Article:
Best Films of 2022
Whether you are looking for a film that has been out on the festival circuit for a while or a brand new release, there are several films you should look into in 2022. From the likes of Ryusuke Hamaguchi’s Three Billboards Outside Ebbing, Missouri to Denis Johnson’s adaptation of Stars at Noon, there are plenty of choices to choose from.
Everything Everywhere All at Once
Unlike many other action movies, Everything Everywhere All at Once does not overwhelm its audience. Its message is a simple one: that toxic control over children should be removed. Moreover, the film boasts a star-studded cast and a budget in the neighborhood of a shoestring.
Its star is the aforementioned Michelle Yeoh, who also stars alongside Daniel Radcliffe, James Hong, and Jamie Lee Curtis. The film’s director, Daniel Scheinert, helmed the film, and its star-studded cast lent a hand. The film is also helmed by a man whose pedigree includes a couple of acclaimed martial arts flicks.
Drive My Car
Adapted from a Haruki Murakami short story, “Drive My Car” has won several awards. The film won the top prize at the Los Angeles Film Critics Association, the New York Film Critics Circle, and the National Society of Film Critics. In addition, it was nominated for Best Picture, Best Director, and Best Adapted Screenplay.
Drive My Car is a Japanese drama. It follows Yusuke Kafuku, a theater director who accepts a residency in Hiroshima to stage a multilingual production of Anton Chekhov’s “Uncle Vanya”. In addition to the theatrical element, the film includes staged sequences from Uncle Vanya.
Good Luck to You, Leo Grande
Despite being a British sex comedy with a very British sex history, Good Luck to You, Leo Grande is a fun and enjoyable experience. Written by Katy Brand and directed by Sophie Hyde, this film is the result of a partnership between the filmmaking team behind LOVE, ACTUALLY and a sister company of Disney. It has been screened at film festivals including the Sundance Film Festival. It was also released theatrically in the United Kingdom by Lionsgate.
AMERICAN HONEY, directed by British auteur Andrea Arnold, is an engaging coming-of-age road trip movie about an 18-year-old Oklahoman who leaves her abusive boyfriend and jumps in a van with a traveling magazine salesman. They embark on an adventure that includes roadside attractions, wild adventures, and a series of random encounters across the country.
American Honey is directed by Andrea Arnold, who previously worked on Wuthering Heights, Red Road, and Fish Tank. Arnold is a master of the “slice of life” genre, and his films frequently feature a class divide that’s often ignored in more affluent films.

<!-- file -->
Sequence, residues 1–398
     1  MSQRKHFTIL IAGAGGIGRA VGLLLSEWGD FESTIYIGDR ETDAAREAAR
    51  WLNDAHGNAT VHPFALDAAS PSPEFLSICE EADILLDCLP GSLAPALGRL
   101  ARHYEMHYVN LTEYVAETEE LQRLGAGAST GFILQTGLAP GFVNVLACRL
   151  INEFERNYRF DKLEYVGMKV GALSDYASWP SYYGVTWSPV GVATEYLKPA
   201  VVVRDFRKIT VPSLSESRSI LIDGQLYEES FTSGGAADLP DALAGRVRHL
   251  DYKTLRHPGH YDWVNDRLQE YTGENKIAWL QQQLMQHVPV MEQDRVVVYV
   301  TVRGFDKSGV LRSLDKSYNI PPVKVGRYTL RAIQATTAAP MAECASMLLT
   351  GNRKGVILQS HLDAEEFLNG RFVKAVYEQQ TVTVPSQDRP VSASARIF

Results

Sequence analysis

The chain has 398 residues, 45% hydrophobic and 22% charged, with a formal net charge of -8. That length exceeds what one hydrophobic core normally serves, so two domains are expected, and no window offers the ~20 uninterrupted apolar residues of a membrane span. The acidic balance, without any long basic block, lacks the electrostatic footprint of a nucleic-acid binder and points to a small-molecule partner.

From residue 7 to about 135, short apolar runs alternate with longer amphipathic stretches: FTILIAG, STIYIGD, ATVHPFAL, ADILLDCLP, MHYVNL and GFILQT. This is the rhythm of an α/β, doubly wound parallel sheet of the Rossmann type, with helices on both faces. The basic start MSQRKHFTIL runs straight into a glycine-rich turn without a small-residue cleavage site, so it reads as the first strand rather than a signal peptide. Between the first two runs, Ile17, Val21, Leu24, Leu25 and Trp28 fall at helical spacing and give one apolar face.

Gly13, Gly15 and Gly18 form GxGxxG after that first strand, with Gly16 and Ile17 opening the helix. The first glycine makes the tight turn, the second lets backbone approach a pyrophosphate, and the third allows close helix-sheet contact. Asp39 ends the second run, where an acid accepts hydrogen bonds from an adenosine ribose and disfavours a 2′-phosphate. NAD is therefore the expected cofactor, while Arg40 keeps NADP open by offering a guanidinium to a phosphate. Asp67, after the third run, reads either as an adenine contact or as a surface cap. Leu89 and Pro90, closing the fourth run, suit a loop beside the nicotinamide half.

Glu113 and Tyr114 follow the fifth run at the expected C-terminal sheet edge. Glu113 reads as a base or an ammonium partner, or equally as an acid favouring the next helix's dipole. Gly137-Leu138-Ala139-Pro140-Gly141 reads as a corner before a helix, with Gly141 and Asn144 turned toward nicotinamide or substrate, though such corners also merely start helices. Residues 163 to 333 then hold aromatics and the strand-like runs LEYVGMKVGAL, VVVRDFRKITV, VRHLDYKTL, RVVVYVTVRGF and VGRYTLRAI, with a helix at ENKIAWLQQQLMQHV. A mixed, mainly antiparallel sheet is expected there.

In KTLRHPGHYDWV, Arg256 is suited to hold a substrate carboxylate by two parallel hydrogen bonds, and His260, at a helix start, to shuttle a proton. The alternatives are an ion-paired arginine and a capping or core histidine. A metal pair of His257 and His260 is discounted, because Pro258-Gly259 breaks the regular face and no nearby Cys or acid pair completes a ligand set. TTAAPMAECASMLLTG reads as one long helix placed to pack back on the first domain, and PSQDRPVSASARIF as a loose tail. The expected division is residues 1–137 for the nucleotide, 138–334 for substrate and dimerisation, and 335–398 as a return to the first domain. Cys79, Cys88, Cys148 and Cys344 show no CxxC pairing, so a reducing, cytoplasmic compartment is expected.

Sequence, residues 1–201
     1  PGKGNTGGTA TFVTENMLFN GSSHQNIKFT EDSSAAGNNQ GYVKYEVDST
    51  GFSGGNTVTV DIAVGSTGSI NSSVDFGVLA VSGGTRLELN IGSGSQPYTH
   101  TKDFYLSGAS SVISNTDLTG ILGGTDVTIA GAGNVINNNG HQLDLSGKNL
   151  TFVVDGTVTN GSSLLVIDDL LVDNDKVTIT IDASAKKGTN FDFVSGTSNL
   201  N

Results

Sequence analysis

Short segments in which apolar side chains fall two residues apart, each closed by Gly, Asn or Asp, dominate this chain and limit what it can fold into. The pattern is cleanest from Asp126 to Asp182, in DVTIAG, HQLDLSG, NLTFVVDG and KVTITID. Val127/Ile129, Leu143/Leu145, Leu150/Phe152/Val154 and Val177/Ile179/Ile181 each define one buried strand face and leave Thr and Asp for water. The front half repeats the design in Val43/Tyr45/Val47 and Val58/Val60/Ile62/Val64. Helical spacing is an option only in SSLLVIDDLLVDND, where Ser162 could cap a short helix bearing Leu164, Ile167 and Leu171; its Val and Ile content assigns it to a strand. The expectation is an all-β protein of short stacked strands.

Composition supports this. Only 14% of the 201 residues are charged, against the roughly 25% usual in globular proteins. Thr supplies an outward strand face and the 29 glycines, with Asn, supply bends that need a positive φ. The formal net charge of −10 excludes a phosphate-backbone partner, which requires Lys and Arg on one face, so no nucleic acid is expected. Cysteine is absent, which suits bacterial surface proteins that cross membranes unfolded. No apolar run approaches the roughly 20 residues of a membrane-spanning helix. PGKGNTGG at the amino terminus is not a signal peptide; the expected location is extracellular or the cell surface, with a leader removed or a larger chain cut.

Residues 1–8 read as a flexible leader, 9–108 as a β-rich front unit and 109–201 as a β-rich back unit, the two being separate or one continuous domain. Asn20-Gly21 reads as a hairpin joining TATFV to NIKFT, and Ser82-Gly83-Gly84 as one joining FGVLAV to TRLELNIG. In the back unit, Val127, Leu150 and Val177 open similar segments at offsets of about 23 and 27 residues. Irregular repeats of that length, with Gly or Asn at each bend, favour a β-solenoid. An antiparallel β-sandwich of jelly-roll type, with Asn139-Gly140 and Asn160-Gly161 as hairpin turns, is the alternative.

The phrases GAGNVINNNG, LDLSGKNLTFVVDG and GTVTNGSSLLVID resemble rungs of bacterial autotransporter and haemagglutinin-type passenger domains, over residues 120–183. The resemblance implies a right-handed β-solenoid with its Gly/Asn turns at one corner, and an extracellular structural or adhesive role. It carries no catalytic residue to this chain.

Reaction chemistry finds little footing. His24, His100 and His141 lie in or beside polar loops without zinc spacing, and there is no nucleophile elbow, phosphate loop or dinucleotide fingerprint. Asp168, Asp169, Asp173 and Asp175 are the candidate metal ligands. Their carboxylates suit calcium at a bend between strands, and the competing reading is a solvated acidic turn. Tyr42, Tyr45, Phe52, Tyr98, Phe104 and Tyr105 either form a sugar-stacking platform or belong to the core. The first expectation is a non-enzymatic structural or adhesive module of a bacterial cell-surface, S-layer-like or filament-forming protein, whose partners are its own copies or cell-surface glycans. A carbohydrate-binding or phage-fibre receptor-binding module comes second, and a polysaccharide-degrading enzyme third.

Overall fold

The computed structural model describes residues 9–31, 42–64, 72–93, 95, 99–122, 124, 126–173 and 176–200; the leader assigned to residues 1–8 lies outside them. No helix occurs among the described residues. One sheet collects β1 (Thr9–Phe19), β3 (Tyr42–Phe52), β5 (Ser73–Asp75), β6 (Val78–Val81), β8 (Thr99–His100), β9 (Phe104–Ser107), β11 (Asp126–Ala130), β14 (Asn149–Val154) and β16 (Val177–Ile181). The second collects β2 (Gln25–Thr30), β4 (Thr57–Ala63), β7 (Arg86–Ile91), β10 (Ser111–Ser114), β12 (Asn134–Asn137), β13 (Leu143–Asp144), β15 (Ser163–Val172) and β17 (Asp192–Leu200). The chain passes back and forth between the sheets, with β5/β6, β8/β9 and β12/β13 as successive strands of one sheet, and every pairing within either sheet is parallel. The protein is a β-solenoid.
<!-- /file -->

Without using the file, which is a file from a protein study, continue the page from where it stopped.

Ruben Ostlund’s Triangle of Sadness
Taking aim at wealth, status, and privilege, Ruben Ostlund’s Triangle of Sadness is a smart, class commentary. Ostlund uses his signature wit to examine affluence and its affect on society. He does this through the lens of a struggling male model and his aspiring female model girlfriend.
Ostlund’s film is divided into three sections: the first is a prologue set in the fashion industry. It introduces Carl Dickinson (Harris Dickinson), an aspiring male model and a woman who has been in the modeling industry for a while.
Denis Johnson’s adaptation of Stars at Noon
Adapted from Denis Johnson’s novel of the same name, Stars at Noon explores the changing economies of language, capital, and ideology. It is a geopolitical thriller centered on two foreigners, an American reporter and a British businessman, in Nicaragua in 1984. The film is directed by French woman Claire Denis and stars Margaret Qualley. It was awarded the Grand Prix at the 2022 Cannes Film Festival. It will be released on October 14 in the United States by A24.
Ryusuke Hamaguchi’s “Three Billboards Outside Ebbing, Missouri”
Among the many great films of the past year, Ryusuke Hamaguchi’s Three Billboards Outside Ebbing, Missouri is a standout. Not only did it take home the granddaddy of all awards, it also ranks as one of the year’s best films. For starters, it’s a visually stunning film. It’s also a good example of why Japan is the new hotspot for filmmaking.
The film is based on a short story by author Haruki Murakami. The story is not for the faint of heart. The premise is about a theater director (played by Hidetoshi Nishijima) who travels to Hiroshima for a theatre program. He meets a young female driver (played by Misaki Watari) who impresses him with her knowledge of the city.
Mimi Cave’s Fresh
Adapted from Lauryn Kahn’s screenplay, Fresh is Mimi Cave’s directorial debut. She uses a camera to capture a point-of-view of a character, and uses several different techniques to create a chilling atmosphere. Fresh smolders with considerable tension and offers a dark and satirical take on contemporary romance.
The film features strong performances from Dayo Okeniyi and Daisy Edgar-Jones. They commit to their roles and deliver every joke with ease. It’s a dark and often amusing film that’s surprisingly tame as horror.